The campaign manager for Congresswoman Jan Schakowsky is taking heat for an expletive-laced Twitter post about opponents of the proposed Islamic community center and mosque near ground zero in New York.
At the conservative National Review, publication National Review, blogger Jim Geraghty noted Alex Armour posted a message on his open Twitter page declaring opponents were "(expletive) dumb (expletive) who haven't read the 1st amndmnt .
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The tweet has provided grist for Schakowsky's critics in the conservative blogosphere as well as Joel Pollak, the Republican challenger for her 9th Congressional District seat.
Pollak called Armour's remarks offensive and labeled his Twitter feed the voice of Schakowsky's campaign.
"I think it shows that Jan Schakowsky's campaign has an intolerant attitude toward people with different views, as well as contempt for those who disagree, said Pollak, a 33-year-old Skokie attorney. "He has the right to say whatever he wants, but the question then becomes is that who the people of the 9th District want to represent them. When he is speaking out as an individual, there is no separation between his personal views and political views.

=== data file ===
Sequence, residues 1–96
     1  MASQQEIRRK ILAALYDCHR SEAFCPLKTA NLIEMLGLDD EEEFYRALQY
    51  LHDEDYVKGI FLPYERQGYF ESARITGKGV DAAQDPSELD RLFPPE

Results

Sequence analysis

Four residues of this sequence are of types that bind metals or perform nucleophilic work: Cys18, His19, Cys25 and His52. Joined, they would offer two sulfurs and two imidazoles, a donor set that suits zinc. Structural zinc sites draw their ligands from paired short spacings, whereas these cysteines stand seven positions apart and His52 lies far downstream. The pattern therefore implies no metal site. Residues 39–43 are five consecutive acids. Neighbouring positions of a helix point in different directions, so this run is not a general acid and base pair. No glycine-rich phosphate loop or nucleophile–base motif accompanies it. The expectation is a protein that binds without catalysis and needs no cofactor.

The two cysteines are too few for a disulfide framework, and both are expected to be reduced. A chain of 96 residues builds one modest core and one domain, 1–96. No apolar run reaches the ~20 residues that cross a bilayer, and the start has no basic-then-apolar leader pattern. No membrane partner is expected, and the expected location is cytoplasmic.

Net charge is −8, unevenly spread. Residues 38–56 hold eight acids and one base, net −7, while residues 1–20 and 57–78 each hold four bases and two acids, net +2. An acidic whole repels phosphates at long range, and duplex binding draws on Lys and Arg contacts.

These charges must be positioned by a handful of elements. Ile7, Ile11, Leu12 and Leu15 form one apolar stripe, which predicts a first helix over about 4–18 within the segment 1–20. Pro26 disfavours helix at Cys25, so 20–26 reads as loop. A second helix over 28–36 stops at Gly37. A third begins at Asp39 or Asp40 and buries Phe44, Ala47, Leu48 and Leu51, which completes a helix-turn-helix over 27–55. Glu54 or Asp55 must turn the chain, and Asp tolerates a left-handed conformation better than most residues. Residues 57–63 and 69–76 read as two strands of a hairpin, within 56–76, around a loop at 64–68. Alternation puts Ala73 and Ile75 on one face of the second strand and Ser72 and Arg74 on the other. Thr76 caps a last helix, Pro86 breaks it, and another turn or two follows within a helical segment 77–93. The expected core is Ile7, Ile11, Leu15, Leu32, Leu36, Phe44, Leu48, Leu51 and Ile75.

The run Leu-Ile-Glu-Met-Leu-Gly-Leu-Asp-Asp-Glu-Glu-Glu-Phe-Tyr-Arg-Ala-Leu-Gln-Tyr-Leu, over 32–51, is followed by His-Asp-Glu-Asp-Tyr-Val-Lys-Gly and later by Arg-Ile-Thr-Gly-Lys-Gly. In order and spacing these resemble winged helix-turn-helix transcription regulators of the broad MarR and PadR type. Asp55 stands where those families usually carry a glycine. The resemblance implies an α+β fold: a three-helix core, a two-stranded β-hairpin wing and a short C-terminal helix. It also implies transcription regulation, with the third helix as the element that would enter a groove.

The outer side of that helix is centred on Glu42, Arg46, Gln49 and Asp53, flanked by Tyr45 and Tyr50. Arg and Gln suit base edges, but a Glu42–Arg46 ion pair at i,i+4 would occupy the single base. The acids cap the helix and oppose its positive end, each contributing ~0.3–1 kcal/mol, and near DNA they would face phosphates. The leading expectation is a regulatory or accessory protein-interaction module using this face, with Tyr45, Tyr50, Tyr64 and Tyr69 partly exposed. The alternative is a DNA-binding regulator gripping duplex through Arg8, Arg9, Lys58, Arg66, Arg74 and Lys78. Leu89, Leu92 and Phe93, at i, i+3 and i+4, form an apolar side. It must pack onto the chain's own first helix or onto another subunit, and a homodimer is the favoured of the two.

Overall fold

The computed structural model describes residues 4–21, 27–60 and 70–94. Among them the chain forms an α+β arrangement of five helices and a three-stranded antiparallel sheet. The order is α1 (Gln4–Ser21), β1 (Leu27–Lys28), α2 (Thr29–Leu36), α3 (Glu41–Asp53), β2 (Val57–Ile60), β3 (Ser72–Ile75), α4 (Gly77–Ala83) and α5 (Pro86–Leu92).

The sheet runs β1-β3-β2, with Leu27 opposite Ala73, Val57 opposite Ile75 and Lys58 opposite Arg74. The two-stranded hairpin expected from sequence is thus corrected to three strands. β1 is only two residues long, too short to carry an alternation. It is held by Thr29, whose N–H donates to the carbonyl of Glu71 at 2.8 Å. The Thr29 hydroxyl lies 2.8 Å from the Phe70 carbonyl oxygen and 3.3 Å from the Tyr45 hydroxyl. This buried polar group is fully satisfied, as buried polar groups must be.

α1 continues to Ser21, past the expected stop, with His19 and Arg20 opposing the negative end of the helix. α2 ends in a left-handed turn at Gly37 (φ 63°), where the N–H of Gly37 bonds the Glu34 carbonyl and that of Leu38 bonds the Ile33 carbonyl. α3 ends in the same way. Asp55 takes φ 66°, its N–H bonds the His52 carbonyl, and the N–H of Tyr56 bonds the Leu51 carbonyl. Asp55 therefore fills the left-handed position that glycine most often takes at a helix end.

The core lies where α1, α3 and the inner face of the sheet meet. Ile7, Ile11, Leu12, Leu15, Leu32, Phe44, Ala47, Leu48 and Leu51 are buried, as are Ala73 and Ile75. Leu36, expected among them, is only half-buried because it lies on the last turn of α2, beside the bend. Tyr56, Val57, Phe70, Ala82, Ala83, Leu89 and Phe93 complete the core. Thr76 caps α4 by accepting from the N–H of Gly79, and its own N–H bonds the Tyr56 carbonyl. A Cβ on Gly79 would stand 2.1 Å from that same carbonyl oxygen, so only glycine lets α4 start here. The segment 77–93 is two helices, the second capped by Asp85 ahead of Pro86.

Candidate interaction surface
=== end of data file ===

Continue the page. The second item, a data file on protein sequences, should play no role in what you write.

In a statement e-mailed Wednesday, Schakowsky said: "Even though he thought it was a private communication to his followers, I have made it perfectly clear to Alex Armourand all of my staffthat the use of that kind of language is inappropriate.
Armour, who has been Schakowsky's political director and campaign manager for six years, has since blocked public access to his Twitter page.
"I don't really have any official comment, he said Wednesday. "It (his Twitter page) is now closed. I was under the impression that it was a little more private than it was.
Twitter is a leading social networking and microblogging site that allows people to follow friends, celebrities, politicians and others through a series of status updates limited to 140 characters.
Pollak said Armour used the blog to comment on Schakowsky's campaign and her pro-Israel record. He also kept followers updated on her public appearances, whereabouts and stances on issues.
"I believe he had more followers on his Twitter page than she does on her campaign Twitter page, Pollak said. "He was tweeting comments not just about Jan Schakowsky but Republicans who disagree. He clearly intended it to be public. I think he ought to have separated his political page from his personal page.